My time spent working with families and interacting in parenting communities has taught me several things. One of those things is that no matter how you choose to parent your child, you will meet with criticism from someone at some point.
Often I hear, “My mom criticizes my parenting! How can I get her to stop?” Other times the criticism comes from friends, other family members or other authority figures. The first thing you need to understand is that you are not alone. Many other parents deal with criticism about their parenting style.
As an attachment parent, I certainly received my share of criticism concerning my parenting. There were many situations–from miscarrying after having nursed while pregnant, to choosing to home school and not using physical punishment–that brought criticism from friends and family.
The criticism stung at first. It made me mad at times. But, as time went on and others saw that what I was doing was working, they backed off. For instance, after I went on to have two successful pregnancies while nursing (one while tandem nursing even!), no one had too much to say about my choice. As my children get older and we continue to homeschool, no one worries about their socialization anymore. In addition, as my children have moved on from the difficult toddlers/preschooler ages into the big-kid ages and continue to display good behavior, no one questions our decision not to spank them.
Unfortunately, criticism can be difficult to combat in the early years of parenting, especially if you have one child. I remember those days all too well. I got through them, though, and you can, too.
Here’s how . . .
Criticism = Worry
Chances are that when someone close to you criticizes your parenting, they are worried about you or your child. If you decide to assign positive intent, you can see their criticism as concern. This softens it and allows you to deal with it differently.
When your mother criticizes your parenting, for example, tell her in a genuine way that you appreciate her concern. She will feel heard. This is the first step to diffusing the situation.
Appreciating her concern does not mean that you agree with her or that you will take her advice. It simply shows her that you are not looking for a fight and that you appreciate that she cares enough to speak up.
When I am at my best, my response to unwarranted criticism is, “Thank you for letting me know your concern. I will consider that.” (Note: If you use a sarcastic tone when you say this, you negate everything, so be genuine and be kind.)
One way that I avoided losing sleep over criticism of my parenting choices was that I was confident in my decisions. I didn’t come by my parenting choices by blindly following the latest fads. I researched everything. I talked with mothers who had parented children in the ways I thought were best and with mothers who had made other choices. I knew why I was choosing to co-sleep, to practice child-led weaning, to homeschool, to not use punishment, etc.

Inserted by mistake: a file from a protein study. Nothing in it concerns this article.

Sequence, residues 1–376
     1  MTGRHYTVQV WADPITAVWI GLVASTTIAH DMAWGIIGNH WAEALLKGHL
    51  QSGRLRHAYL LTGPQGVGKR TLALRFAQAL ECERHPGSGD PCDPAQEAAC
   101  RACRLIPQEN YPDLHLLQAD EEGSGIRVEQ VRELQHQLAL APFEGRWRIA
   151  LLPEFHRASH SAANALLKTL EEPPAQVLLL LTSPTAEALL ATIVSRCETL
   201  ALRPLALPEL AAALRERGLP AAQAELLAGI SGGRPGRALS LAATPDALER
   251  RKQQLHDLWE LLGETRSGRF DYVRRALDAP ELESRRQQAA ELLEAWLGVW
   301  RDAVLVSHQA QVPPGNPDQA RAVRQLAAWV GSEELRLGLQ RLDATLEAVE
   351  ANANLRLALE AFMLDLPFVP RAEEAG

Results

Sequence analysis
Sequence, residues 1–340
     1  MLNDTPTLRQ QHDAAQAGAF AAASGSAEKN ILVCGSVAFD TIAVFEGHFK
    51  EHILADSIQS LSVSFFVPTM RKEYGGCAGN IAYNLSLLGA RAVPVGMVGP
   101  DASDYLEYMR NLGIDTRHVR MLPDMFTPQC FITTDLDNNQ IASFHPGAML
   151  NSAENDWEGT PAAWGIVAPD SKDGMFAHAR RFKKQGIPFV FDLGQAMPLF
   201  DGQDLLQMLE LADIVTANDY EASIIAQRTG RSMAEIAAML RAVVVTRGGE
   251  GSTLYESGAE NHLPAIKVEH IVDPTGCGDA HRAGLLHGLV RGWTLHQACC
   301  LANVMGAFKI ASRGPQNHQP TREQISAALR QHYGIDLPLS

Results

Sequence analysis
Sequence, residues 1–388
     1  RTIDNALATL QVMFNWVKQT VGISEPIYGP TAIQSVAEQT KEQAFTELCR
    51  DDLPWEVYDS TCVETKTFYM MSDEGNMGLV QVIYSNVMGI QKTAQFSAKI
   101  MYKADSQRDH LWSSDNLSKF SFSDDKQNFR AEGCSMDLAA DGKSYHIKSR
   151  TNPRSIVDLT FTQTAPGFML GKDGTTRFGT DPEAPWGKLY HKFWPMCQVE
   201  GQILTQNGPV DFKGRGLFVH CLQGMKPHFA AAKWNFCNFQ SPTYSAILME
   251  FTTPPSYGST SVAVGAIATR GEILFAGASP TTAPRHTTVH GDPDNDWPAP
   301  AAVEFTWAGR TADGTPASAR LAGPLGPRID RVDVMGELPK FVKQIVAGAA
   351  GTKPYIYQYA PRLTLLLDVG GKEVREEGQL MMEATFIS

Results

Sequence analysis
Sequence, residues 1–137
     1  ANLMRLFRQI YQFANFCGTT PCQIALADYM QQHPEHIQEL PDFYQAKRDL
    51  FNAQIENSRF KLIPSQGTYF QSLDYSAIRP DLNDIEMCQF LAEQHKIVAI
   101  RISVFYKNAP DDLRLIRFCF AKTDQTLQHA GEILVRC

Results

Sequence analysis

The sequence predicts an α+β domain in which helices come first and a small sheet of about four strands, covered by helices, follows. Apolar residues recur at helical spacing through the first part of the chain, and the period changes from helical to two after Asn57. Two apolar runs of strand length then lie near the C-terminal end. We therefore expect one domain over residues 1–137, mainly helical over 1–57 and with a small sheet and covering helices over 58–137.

If you aren’t confident in your decisions, you will question yourself. When you are criticized, it is natural to ask yourself if the other person might be right. If you don’t know why you have chosen a particular parenting style or if you don’t feel confident in that decision, you may falter.
You Don’t Have to Explain
One of the biggest steps in learning to deal with criticism over my non-mainstream parenting decisions was realizing that I didn’t owe anyone an explanation for my choices. My parenting choices were between myself and my husband. No one else had a right to an explanation of why we were doing what we were doing.
Now, that doesn’t mean that getting an attitude with others and telling them to buzz off is a good idea. It just means that you don’t have to stick around and discuss your parenting with someone who is looking for a fight. If a family member or friend is getting too involved in how you parent, gently tell them that you’re not interested in discussing your decisions right then. You can promise to let them know when you are ready to talk about it.
Learn How to Change the Subject
One of the best tools I used when my children were younger and my parenting choices were unpopular was to simply change the subject when I saw questions and criticism coming.
When asked at a play date if my oldest (then 2) was still nursing by a mother who had clearly expressed her disgust with nursing past the age of 6 months, I answered that, yes, he was still nursing and then swiftly complimented her necklace. The compliment was genuine and I had quickly established a boundary with her.
Often, you’ll see this tactic called “bean-dipping” in the world of attachment parenting. As in, “Are you still nursing?”, “Yes, we are. Will you please pass the bean dip?” It answers the question in a gentle and kind way, but does not leave room for further questions.
Don’t Mistake Interest for Criticism
Not all questions about your parenting style will lead to criticism. You may certainly have had your share of criticism, but don’t let that cause you to miss an opportunity with someone who is truly interested in how you parent.
If you are questioned about your parenting style a lot you may become tense when anyone approaches you about it. In some cases the asker may have a sincere interest in what you are doing and how you do it. Don’t miss these opportunities to share your story.
For more information, check out Boundaries: When to Say, How to Say No
Get support for parenting and connect with other moms – join us in our private Facebook group for Positive Parenting Support.